Frascone investigated his death, and according to the suit brought by Lewis' family, she coached one of the officers who'd responded to the 911 call, suggesting "Lewis' intent may have been not merely to end his own life, but to murder other people as well," according to the complaint, which said the officer revised his statement at Frascone's prompting.

The conspiracy claim against Frascone was dismissed, with a federal judge finding Lewis' family didn't have standing to sue her. The Lewis family's attorney didn't respond to requests for comment, nor did the Minnesota BCA.

Haddad said such leading questions are the norm during these investigations.

"We see this most of the time. When a police officer has shot or killed someone and they're being interviewed afterward, it's so common for the police interviewer to be throwing out softball questions, to be suggesting the right answer for the officer, like, 'Were you afraid for your life?'" he said.

"Unfortunately, I almost never see an aggressive interrogation of an officer who's just killed somebody," Haddad added. "Not the way they would talk to somebody else who's not a police officer."

That kid-glove treatment can continue when the case gets to the prosecutor, who might choose not to pursue the case or to do so halfheartedly.

Brown, the local criminal defense attorney, called the initial Chauvin complaint "shameful." He said Freeman "doesn't like being told what to do," and that the complaint's odd tone reflected that he felt forced into filing it.

"He is no doubt smarter than the document he let leave his office," Brown said. "I've never read a probable cause statement with more exculpatory evidence in it in my life. You won't find another one that reads like that."

The county attorney's office didn't answer questions about the charges it chose or the language of the complaint, but sent Law360 a statement.

"Our office reviewed evidence ranging from the citizen's video to the officer's body worn camera," it said. "We also spoke to witnesses, had a preliminary report from the medical examiner and had discussions with an expert. All of the evidence came together, and we felt in our professional judgment, that it was the correct and right time to charge."

To some former prosecutors, the initial complaint signaled not a shirking of duty, but an effort to appease the public by filing quickly. Callan said the "odd" choice of outlining weaknesses in the case may have reflected the fact that Freeman filed charges before all the facts, including the final autopsy report, were in.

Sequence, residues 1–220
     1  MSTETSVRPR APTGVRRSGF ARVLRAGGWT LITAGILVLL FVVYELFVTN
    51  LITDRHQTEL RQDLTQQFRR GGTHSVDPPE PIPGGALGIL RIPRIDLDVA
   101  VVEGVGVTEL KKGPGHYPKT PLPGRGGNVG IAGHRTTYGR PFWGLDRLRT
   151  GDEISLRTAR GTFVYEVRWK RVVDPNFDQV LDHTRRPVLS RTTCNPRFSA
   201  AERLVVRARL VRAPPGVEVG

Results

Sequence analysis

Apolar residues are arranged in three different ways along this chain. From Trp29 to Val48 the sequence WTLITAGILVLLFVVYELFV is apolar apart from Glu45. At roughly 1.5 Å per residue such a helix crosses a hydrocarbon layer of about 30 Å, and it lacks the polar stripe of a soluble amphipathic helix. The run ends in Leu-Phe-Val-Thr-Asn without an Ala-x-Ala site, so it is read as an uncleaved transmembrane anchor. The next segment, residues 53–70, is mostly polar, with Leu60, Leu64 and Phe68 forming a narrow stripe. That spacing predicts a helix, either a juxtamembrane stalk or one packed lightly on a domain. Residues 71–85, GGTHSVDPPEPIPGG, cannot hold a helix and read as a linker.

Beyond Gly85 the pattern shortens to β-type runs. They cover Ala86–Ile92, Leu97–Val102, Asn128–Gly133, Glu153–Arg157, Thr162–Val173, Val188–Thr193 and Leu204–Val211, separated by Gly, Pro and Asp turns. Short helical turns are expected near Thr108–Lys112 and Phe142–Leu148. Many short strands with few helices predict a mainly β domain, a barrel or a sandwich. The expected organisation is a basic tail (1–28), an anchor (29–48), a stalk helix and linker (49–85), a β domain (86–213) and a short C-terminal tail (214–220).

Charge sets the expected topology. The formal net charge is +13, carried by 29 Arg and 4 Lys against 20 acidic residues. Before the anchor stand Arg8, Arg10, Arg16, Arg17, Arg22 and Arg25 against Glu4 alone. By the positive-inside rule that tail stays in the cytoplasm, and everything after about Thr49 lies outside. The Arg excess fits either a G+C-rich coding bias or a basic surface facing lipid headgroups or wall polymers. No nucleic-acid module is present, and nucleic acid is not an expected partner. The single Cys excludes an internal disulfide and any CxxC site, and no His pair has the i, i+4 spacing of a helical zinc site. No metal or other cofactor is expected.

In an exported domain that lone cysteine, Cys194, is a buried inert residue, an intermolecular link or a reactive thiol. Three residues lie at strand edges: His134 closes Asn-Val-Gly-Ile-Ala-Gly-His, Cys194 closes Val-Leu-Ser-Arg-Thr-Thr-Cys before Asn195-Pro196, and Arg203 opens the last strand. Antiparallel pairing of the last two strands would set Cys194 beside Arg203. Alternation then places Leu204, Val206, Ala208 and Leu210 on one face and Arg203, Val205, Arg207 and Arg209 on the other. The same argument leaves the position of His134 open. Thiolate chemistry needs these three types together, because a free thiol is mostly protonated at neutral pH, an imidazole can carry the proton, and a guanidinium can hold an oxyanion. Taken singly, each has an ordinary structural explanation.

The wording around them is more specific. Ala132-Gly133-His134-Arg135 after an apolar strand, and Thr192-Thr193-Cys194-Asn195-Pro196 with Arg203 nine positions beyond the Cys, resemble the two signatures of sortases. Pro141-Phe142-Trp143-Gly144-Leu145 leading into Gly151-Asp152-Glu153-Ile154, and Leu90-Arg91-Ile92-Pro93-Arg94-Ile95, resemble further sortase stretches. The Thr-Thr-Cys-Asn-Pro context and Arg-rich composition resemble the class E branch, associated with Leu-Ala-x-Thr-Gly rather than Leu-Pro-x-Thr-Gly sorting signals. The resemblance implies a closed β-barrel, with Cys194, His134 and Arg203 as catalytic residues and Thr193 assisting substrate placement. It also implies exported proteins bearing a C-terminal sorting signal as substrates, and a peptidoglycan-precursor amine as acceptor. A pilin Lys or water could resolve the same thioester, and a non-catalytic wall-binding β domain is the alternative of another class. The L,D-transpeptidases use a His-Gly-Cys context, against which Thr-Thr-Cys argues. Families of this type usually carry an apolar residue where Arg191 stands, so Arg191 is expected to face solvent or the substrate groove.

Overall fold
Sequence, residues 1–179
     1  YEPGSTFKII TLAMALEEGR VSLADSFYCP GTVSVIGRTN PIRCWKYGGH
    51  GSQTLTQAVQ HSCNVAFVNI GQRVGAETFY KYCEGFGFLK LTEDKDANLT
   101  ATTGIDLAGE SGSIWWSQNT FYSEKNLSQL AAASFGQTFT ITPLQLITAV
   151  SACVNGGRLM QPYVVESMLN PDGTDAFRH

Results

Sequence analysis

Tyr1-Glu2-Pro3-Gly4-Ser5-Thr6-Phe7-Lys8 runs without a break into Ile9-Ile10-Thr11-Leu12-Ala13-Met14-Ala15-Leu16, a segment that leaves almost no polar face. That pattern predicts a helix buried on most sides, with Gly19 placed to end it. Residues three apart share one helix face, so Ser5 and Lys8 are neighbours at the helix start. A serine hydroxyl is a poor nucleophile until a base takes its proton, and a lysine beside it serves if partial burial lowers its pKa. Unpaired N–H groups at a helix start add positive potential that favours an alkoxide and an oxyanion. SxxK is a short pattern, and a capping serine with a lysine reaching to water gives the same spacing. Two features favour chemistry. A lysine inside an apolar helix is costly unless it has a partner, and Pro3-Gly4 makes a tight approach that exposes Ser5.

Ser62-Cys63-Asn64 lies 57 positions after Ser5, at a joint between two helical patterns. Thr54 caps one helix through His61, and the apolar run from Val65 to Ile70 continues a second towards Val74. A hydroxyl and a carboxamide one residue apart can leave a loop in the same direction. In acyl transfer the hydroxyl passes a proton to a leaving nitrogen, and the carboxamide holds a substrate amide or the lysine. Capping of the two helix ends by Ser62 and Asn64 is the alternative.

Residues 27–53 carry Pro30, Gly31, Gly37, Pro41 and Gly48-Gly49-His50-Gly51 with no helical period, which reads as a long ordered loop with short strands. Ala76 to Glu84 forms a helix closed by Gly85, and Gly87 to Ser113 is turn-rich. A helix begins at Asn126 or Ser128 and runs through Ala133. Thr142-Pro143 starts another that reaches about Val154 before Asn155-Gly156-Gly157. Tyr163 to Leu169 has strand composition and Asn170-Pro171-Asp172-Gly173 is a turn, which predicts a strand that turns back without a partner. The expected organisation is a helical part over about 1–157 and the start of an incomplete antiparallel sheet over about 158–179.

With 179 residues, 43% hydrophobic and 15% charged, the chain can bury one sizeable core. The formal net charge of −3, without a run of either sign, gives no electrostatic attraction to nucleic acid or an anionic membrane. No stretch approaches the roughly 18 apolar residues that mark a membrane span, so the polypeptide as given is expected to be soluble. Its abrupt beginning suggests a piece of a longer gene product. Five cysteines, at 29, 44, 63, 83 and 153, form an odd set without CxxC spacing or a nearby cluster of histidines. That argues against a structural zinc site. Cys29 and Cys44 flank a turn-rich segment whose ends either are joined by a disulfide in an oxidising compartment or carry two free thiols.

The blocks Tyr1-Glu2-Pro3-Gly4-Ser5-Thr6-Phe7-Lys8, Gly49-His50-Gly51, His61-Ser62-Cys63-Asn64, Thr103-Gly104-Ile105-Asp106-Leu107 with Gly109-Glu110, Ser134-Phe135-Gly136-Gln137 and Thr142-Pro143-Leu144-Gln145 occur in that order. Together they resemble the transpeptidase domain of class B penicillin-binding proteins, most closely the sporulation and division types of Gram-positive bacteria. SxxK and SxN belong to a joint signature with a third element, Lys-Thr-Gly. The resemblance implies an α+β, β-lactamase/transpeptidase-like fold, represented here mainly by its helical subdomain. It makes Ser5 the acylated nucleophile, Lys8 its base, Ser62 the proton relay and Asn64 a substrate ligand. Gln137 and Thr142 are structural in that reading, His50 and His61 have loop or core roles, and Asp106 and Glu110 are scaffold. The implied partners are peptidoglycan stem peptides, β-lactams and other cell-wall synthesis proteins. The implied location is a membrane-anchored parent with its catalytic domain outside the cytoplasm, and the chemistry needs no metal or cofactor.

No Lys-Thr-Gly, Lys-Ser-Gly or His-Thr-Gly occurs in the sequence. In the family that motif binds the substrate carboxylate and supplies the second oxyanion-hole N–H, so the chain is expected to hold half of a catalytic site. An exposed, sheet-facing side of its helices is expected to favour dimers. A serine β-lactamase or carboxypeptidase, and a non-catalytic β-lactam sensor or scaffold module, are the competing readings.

"I think they were hedging and seeding a message to the public: 'The reason I'm not charging him with intentional murder is there's a problem here with causation and preexisting conditions,'" he said.

Third-degree murder, the original charge brought against Chauvin, is rarely used in Minnesota, according to the state's former U.S. attorney, Thomas Heffelfinger, now an attorney at Best & Flanagan LLP.

The charge would require proof that Chauvin had a "depraved mind" and was reckless. The newer charge, murder in the second degree, only requires prosecutors show Chauvin committed the felony of assault, which led to Floyd's death.

"Unintentional second-degree murder while committing a felony specifically does not require proof of intent," Heffelfinger said. "That's important, because it's inherently difficult to prove intentional crimes."

That means the second-degree murder charge added in the amended complaint is both easier to prove and more serious. Third-degree murder carries a maximum 25-year sentence, while second-degree murder carries a 40-year sentence.

When he announced the additional second-degree murder charge, as well as aiding and abetting murder charges for the other three officers on Wednesday, Minnesota's attorney general acknowledged the public's mistrust of the justice system, which has historically failed to hold "people who are public guardians accountable for their behavior."

"Our country has underprosecuted these matters," Ellison said. "We can't control the past; all we can do is take the case we have in front of us right now and do our good faith best to bring justice to the situation, and we will."

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--Editing by Katherine Rautenberg.

Clarification: This article has been updated to clarify how Mapping Police Violence presented its data.